If he weren’t in the MI industry, Ofer Webman, CEO, founder/creator, ToneWoodAmp, believes that he would be involved in one of the issues that currently affect our lives: the environment, homelessness and, of course, fair royalties to musicians. Read on to learn more about Webman’s interests and love for music.

The Music & Sound Retailer: Who was your greatest influence or mentor and why?

Ofer Webman: Musically, I was most influenced by Pink Floyd, Pat Matheny, Vicente Amigo and Philip Glass.

The Retailer: What was the best advice you ever received?

Webman: “You don’t know what you don’t know, so listen up!”

The Retailer: What was your first experience with a musical instrument?

Webman: When I was 7 years old, my parents decided that I needed piano lessons. I wasn’t so agreeable, so the gig lasted for only a few months. When I was 14, I met a guy who played guitar, and who was a “chick magnet.” I wanted the same, so I started taking guitar lessons from him. This worked perfectly well for me; even my wife fell for it …

The Retailer: What instrument do you most enjoy playing?

Webman: While most of my life I played standard six-string (nylon and steel) guitars, for the last two years, I made a strong move to tenor guitars (four strings) tuned in fifth. I found the tuning inspiring, and I haven’t looked back since.

The Retailer: What’s your favorite activity to do when you’re not at work?

Webman: Playing my custommade tenor guitar with a ToneWoodAmp. Next to that is going for a long weekend vacation boondocking in our little but sweet Airstream RV.

The Retailer: If you could see any musician, alive or deceased, play a concert for one night, who would it be and why?

Webman: Vicente Amigo is a master Flamenco guitar player who I would travel far to see. I admire the skill and energy Flamenco guitar players project, and Amigo may be the best in the world.

The Retailer: What musician are you hoping to see play in the near future (post-pandemic)?

Webman: Any artist. Musicians were hit so hard this year, so we can’t wait to see them going back on stage. This is also why we came up with our weekly “Live With Our Artists” event, where every Monday a ToneWoodAmp artist performs from his/her home, and we share with him/her the sales revenue of that day.

The Retailer: What song was most memorable for you throughout your childhood and what do you remember about it the most?

Webman: David Porter’s “Hang on Sloopy” full version. There are many more, but this one for some reason stayed with me forever. (I even own vinyl of this song).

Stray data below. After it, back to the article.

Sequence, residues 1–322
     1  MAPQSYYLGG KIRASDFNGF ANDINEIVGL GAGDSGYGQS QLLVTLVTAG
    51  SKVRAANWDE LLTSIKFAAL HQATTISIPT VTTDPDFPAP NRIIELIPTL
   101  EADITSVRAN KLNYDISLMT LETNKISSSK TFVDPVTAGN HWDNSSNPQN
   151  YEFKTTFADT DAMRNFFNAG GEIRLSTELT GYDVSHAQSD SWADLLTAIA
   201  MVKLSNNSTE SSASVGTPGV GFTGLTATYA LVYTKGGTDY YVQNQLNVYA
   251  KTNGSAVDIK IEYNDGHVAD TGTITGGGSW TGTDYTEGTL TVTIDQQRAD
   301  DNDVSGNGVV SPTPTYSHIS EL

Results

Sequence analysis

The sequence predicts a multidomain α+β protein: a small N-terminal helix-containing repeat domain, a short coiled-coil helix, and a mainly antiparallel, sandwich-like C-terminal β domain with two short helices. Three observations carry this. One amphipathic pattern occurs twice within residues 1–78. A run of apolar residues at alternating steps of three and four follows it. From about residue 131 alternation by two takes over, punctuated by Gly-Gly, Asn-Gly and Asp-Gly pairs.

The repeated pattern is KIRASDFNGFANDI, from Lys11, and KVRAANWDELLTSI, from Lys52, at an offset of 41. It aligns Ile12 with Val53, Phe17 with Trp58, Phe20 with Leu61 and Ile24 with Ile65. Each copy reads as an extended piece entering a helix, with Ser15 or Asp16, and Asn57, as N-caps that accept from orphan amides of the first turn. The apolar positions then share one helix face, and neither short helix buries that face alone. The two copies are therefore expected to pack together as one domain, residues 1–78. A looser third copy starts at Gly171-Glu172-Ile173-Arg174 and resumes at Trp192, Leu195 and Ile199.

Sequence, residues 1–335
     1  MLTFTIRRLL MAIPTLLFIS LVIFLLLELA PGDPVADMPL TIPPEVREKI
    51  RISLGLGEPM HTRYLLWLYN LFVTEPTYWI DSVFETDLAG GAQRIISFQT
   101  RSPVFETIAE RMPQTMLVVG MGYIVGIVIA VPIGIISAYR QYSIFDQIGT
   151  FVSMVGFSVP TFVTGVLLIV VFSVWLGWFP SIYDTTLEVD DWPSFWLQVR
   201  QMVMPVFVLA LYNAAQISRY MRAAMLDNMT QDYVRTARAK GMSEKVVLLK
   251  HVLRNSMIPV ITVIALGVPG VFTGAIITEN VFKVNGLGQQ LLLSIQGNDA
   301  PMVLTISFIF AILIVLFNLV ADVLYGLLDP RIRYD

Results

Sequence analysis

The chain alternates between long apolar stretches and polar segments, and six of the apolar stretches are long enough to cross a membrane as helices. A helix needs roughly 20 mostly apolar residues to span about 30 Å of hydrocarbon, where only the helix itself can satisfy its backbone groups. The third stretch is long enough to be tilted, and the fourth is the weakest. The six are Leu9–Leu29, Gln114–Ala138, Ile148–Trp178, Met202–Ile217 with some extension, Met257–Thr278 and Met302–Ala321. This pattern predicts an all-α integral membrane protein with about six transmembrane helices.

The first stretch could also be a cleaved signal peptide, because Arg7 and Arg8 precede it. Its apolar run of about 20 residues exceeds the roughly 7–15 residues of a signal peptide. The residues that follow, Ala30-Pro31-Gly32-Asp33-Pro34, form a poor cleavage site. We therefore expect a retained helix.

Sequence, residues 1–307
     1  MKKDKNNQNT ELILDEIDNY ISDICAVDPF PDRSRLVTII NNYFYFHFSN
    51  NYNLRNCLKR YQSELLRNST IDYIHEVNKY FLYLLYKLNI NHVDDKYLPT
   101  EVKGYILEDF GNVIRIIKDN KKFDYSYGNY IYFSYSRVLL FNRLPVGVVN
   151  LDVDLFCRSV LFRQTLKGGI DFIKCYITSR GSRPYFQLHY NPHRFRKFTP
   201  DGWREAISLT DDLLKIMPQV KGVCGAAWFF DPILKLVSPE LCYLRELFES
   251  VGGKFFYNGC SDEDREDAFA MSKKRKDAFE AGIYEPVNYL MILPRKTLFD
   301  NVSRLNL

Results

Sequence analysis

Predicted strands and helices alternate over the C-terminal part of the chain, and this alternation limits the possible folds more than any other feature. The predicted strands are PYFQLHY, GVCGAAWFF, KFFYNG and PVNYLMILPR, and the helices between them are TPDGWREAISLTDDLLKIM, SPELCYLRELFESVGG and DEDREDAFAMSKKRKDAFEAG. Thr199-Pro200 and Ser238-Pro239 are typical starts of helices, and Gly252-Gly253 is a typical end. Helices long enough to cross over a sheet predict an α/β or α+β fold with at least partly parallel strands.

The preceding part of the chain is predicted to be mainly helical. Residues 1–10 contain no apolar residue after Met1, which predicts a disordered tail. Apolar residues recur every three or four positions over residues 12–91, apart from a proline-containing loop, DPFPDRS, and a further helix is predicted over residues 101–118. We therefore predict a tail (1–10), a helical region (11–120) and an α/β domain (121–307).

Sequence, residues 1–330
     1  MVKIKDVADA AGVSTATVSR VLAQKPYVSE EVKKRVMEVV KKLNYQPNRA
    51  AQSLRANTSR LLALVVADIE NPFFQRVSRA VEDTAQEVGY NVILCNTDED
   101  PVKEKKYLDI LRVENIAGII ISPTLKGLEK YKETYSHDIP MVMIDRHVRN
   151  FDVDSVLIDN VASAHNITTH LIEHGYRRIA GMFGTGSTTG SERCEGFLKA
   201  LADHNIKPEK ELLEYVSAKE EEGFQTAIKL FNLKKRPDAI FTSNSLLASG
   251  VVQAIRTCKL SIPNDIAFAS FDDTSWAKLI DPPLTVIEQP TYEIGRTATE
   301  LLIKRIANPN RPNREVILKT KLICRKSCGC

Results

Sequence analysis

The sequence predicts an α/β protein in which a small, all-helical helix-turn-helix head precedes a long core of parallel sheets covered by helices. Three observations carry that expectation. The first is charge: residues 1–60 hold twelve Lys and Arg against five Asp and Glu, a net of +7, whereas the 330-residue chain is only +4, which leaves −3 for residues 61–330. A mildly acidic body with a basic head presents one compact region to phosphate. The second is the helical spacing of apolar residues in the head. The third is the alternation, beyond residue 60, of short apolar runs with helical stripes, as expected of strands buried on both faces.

The Retailer: What’s the most fun thing you saw/did at a NAMM Show?

Webman: I haven’t seen much
of the NAMM Show. We are
always busy in our booth … We
do love being involved with many
shows during NAMM, from our
own shows that we host at the famous BlueBird Cafe in Nashville,
to the All-Star Guitar Night we
sponsor in Anaheim. It is amazing
to see all of these artists come
together for the music.

The Retailer: What is the best thing about the MI industry?

Webman: That most people do it for the love of music first, and that is refreshing.

The Retailer: What technology could change MI down the road?

Webman: A technology, system or legislation that will allow musicians to earn a decent living from streaming will be a huge game-changer.

The Retailer: If you weren’t in the music industry, what would you be doing and why?

Webman: For most of my adult life, I was part of the MI industry, mostly as a customer/ consumer. But if I [wasn’t], I would like to believe that I would be involved in one of the issues that currently affect our lives: the environment, homelessness and, of course, fair royalties to musicians.

The Retailer: Tell us about your hometown and why you enjoy living there.

Webman: We have been calling Phoenix home for 20 years. To get the full experience, turn on your oven to 150 degrees and put your head inside … But that’s only in the summer. The winter is lovely, and getting out north
or south with our recreational vehicle is quite magical.

The Retailer: What are your most prized possession(s) and why?

Webman: My one-of-a-kind, custom-made tenor guitar. It’s a unique, full-size-body, four-string guitar with an almost two-inch-tall bridge, hand-built by master luthier Luke Willson from Nevada County, Calif. Luke is still using the tools his grandfather gave him many years ago.

The Retailer: What’s your favorite book and why?

Webman: Just recently, I listened to James Taylor’s (short) biography on Audible.com. That was a very bittersweet read. Another great book I read was “Cutting for Stone’’ by Abraham Verghese. Both books, while very different, were very inspiring as a testament to the human spirit’s capability to overcome unbelievable obstacles.

To read more interviews with MI professionals, click here.

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